Special Issue "Sustainability and Human Resources Management"

A special issue of Sustainability (ISSN 2071-1050).

Deadline for manuscript submissions: 31 May 2021.

Special Issue Editor

Prof. Dr. Francisco J. Gracia
Website
Guest Editor
IDOCAL (Research Institute of Human Resources Psychology, Organizational Development, and Quality of Working Life). University of Valencia, Spain
Interests: human resource management; human resource development; sustainability; safety culture and safety performance; mindful organizing for safety; high-reliability organizations; high-risk industries; employability; psychological contract

Special Issue Information

Dear Colleagues, 

Since the late 1980s, sustainability and sustainable development issues have been prominent features on global political and social agendas. Organizations have been pressured to adopt a long-term sustainable approach to business and include environmental and social goals in their corporate strategy, in addition to the traditional economical goals. This sets a triple bottom line able to satisfy the demands of a wider set of stakeholders. The human resources function of organizations has been identified as a key driver in implementing and achieving the corporate sustainability strategy. This has led to the rise of sustainable human resource management (SHRM)—an extension of strategic human resource management. Although research on SHRM has grown immensely in recent years, especially in the last decade, it is still in an emerging phase. Because of this, the aim of this Special Issue is to increase the theoretical and empirical body of knowledge about SHRM, so that SHRM can progress to “find its feet”.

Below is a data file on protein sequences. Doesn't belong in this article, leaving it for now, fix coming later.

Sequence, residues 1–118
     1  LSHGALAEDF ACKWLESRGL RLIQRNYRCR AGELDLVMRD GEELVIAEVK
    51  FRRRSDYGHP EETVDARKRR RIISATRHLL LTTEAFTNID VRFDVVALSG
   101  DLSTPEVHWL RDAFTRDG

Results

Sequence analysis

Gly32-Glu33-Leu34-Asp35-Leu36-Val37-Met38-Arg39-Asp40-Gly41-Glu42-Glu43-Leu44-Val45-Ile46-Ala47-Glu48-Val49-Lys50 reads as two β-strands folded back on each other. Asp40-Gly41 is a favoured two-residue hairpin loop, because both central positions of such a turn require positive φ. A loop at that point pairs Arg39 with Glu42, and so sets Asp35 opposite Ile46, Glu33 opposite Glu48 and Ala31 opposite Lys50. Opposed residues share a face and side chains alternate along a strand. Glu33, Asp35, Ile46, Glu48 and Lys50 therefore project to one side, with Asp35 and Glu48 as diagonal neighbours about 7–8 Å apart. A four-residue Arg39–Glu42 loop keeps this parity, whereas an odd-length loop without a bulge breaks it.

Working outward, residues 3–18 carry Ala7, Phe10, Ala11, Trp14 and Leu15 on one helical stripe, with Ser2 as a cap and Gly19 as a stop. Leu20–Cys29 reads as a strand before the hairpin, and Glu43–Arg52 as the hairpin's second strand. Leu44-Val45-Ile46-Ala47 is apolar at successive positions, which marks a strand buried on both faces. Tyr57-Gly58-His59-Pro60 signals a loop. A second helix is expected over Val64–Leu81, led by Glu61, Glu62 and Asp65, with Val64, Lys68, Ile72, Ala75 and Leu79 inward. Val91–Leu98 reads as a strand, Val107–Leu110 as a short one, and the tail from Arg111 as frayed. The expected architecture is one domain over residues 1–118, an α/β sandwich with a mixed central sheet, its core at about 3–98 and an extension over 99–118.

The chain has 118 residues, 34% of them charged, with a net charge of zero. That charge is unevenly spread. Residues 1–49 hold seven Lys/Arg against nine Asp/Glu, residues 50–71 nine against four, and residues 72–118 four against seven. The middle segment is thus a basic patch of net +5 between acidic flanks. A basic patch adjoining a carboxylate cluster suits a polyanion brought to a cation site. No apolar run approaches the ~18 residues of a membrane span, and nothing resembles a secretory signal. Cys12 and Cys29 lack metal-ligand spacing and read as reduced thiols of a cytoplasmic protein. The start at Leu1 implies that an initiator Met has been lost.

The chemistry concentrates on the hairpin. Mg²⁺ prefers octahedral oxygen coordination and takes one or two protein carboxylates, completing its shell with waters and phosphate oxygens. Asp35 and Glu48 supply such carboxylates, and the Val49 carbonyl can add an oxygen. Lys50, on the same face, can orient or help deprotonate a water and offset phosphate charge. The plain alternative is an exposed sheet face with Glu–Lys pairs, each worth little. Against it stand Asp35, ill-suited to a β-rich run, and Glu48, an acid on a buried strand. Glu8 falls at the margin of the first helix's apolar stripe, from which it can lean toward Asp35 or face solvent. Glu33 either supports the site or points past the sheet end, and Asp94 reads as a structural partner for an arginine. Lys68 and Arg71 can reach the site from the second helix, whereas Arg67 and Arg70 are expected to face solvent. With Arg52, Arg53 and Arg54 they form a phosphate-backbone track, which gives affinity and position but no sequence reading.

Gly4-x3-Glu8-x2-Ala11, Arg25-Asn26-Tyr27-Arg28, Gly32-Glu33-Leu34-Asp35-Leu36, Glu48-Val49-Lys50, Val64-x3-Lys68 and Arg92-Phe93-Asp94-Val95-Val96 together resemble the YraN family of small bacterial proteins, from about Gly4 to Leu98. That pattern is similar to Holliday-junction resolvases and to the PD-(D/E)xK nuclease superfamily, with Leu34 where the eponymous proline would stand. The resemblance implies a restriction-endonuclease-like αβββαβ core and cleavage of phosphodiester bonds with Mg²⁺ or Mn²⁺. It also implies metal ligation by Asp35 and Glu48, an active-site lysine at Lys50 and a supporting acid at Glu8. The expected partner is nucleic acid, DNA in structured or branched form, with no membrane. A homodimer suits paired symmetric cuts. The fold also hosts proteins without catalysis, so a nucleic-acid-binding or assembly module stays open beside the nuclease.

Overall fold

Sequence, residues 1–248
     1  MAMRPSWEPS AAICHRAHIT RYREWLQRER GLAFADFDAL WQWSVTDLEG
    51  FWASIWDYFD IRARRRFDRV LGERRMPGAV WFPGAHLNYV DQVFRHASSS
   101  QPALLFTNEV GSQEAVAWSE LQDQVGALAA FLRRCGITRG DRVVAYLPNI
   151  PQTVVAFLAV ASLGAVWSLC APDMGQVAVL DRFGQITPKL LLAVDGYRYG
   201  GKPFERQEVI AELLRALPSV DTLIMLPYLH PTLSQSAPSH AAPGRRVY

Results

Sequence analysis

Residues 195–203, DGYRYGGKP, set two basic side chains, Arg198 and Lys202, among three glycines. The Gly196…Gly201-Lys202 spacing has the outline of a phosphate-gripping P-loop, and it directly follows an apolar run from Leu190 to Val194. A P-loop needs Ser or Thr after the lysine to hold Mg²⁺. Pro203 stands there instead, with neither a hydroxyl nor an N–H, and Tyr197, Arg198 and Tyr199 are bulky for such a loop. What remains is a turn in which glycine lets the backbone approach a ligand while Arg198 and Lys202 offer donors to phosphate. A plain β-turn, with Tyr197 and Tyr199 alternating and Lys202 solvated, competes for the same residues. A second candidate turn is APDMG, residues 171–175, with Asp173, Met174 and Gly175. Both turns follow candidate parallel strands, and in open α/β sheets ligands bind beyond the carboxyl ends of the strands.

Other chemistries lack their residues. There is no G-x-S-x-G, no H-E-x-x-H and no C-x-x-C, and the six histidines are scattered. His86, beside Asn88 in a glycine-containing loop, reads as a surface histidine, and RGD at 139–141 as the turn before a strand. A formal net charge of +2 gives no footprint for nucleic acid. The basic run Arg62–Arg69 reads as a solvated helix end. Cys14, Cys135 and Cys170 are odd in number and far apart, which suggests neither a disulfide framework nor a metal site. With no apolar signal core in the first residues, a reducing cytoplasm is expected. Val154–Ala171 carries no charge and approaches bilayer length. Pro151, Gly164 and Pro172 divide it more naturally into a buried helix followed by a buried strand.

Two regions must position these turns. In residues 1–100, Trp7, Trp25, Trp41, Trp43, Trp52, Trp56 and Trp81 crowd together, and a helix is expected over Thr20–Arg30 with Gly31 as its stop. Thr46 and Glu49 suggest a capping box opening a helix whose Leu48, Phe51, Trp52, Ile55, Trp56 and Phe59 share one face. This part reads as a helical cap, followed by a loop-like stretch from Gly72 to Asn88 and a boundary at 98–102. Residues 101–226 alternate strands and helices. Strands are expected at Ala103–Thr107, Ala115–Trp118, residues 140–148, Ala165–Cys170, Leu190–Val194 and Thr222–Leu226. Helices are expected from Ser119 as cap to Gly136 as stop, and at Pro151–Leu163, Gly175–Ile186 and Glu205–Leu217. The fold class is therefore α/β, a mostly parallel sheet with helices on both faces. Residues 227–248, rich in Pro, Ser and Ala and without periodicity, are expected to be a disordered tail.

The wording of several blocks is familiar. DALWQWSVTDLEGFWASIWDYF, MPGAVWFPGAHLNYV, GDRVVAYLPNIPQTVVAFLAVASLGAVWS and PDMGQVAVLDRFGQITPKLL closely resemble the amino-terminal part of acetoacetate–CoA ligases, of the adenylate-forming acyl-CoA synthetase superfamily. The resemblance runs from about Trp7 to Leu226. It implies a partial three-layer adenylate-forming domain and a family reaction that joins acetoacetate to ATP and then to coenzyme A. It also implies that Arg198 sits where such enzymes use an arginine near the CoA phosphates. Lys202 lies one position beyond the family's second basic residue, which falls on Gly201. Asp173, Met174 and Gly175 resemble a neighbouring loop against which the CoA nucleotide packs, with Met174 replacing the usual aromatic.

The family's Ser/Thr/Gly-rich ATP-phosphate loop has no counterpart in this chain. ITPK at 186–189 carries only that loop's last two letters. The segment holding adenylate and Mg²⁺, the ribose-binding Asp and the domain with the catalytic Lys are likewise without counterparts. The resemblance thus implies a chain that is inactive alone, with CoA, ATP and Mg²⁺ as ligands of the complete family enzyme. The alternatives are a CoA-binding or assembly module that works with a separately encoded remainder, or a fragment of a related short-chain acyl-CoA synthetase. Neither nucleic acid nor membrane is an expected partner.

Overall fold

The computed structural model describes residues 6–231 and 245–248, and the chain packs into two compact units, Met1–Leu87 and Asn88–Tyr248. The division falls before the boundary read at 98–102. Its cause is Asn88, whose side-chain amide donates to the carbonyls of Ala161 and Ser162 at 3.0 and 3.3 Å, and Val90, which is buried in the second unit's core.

We are especially interested in the human side of SHRM, which has been largely neglected in SHRM research. Two roles are distinguished in SHRM: the role of human resource management (HRM) in developing sustainable organizations by contributing to the achievement of the corporate sustainability strategy, and the role of HRM in developing sustainable HRM systems. Human resource management needs to both provide HR solutions to become a sustainable organization as well as manage the HR function in a sustainable way.